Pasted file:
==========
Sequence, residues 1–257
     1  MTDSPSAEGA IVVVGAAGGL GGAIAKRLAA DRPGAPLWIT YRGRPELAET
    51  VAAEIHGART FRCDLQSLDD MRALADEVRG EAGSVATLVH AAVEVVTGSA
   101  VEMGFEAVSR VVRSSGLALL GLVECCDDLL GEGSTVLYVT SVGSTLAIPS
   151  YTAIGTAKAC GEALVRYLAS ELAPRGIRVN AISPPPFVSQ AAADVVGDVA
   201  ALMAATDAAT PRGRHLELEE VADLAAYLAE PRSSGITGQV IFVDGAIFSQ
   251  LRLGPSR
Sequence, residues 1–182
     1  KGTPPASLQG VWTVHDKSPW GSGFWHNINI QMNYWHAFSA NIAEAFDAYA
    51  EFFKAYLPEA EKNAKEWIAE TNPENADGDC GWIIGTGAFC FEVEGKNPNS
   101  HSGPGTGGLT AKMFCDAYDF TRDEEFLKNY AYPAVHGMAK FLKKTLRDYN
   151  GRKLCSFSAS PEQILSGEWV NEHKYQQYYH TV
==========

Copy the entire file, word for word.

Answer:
Sequence, residues 1–257
     1  MTDSPSAEGA IVVVGAAGGL GGAIAKRLAA DRPGAPLWIT YRGRPELAET
    51  VAAEIHGART FRCDLQSLDD MRALADEVRG EAGSVATLVH AAVEVVTGSA
   101  VEMGFEAVSR VVRSSGLALL GLVECCDDLL GEGSTVLYVT SVGSTLAIPS
   151  YTAIGTAKAC GEALVRYLAS ELAPRGIRVN AISPPPFVSQ AAADVVGDVA
   201  ALMAATDAAT PRGRHLELEE VADLAAYLAE PRSSGITGQV IFVDGAIFSQ
   251  LRLGPSR
Sequence, residues 1–182
     1  KGTPPASLQG VWTVHDKSPW GSGFWHNINI QMNYWHAFSA NIAEAFDAYA
    51  EFFKAYLPEA EKNAKEWIAE TNPENADGDC GWIIGTGAFC FEVEGKNPNS
   101  HSGPGTGGLT AKMFCDAYDF TRDEEFLKNY AYPAVHGMAK FLKKTLRDYN
   151  GRKLCSFSAS PEQILSGEWV NEHKYQQYYH TV